Geberit Group

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The idea factory

Validating ideas for digital products

After completing her Master of Science in Embedded Systems at the Delft University of Technology (NL), Teresa started an internship at Geberit. She wanted to find out how she could put her newly acquired skills to good use at a multinational company such as Geberit, and is now demonstrating this in the Digital Products team.

“Fortunately for me, I had already got to know Geberit as part of a programme run by UNITECH, a network for young engineers and companies,” explains Teresa. “In a business case, we showed how a smart bathtub could work with the addition of all kinds of sensors and technical functions.”

Design thinking

When it comes to ideas such as the smart bathtub, the first step is seeing whether the product would actually be feasible in real life. This is where Teresa comes in at Geberit. As part of her internship in the Digital Products team, she checks whether existing solutions can be enhanced using smart technologies. In doing so, she applies the design thinking approach. “The principle is a simple one. First of all we make a very rudimentary, cheap prototype that is easy to create. Experts use the prototype to evaluate the idea and, if it meets with approval, develop it further according to the normal Geberit development process,” explains Teresa, who is clearly very enthusiastic about the process: “Dealing with the challenges seen in this development process is enormous fun. You can also really feel Geberit’s strength in the field of development.”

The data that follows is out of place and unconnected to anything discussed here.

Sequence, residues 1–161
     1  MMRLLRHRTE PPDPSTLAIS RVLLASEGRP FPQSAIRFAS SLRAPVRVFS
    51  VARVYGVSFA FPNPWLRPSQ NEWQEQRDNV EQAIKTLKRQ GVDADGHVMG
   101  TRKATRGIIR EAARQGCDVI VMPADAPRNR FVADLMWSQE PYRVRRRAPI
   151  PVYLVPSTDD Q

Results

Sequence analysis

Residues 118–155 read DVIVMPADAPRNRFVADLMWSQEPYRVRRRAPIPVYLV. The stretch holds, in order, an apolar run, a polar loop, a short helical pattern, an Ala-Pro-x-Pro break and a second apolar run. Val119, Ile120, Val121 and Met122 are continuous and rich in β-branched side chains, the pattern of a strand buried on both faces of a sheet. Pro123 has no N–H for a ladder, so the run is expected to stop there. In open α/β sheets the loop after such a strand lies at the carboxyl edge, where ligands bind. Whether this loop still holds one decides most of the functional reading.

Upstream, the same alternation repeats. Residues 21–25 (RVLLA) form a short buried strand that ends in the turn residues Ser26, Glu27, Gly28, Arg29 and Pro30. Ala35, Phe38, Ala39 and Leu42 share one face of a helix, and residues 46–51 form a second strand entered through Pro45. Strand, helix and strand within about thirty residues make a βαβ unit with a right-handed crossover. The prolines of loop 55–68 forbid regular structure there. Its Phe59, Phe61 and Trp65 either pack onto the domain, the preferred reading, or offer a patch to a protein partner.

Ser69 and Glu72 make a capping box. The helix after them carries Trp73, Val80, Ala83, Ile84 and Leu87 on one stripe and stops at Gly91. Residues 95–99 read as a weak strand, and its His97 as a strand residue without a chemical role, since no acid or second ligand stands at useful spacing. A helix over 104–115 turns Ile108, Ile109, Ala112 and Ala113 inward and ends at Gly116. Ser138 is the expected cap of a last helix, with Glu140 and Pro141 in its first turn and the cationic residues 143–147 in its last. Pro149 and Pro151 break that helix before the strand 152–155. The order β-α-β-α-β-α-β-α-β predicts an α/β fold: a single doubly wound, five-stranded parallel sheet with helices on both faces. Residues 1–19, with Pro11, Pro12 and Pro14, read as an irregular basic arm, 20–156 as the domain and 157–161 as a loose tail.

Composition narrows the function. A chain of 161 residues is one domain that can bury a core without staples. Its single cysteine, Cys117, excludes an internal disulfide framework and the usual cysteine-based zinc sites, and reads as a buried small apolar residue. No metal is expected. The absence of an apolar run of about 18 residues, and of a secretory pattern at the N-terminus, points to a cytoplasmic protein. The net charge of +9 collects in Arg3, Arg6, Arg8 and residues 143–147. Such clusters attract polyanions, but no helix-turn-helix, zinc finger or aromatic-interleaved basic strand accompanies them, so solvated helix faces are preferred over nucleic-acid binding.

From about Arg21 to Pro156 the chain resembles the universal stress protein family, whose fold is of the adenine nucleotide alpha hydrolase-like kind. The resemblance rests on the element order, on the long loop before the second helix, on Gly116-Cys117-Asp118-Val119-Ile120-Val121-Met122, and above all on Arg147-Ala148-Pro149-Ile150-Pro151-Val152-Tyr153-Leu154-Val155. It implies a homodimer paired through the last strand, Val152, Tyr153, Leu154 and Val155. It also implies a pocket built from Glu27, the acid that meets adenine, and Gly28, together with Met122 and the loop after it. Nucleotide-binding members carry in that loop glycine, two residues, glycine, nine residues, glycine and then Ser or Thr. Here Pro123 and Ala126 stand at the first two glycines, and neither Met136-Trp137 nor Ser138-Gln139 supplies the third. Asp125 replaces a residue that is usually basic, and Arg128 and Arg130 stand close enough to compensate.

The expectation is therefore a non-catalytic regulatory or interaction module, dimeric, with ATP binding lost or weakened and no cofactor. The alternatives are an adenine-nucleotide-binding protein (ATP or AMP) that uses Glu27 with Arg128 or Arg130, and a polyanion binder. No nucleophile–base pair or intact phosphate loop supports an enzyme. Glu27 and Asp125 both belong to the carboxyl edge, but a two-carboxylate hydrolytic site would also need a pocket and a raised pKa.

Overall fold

Valuable insights

“Interns like Teresa are extremely important for Geberit,” comments Bernhard Grieser, who heads up the Digital Products team. “We receive valuable insights and can quickly analyse the usefulness of product ideas with the help of design thinking and the fast prototyping approach.” Partnerships with universities or programmes run by networks like UNITECH are thus extremely beneficial to Geberit.

Design thinking explained

The design thinking approach is based on the principle of interdisciplinarity and iteration. It involves both users and experts from various different departments. With the constant feedback from all participants and the resulting consistent improvement of a simple, early prototype, the final idea is then gradually refined before being ultimately put into action.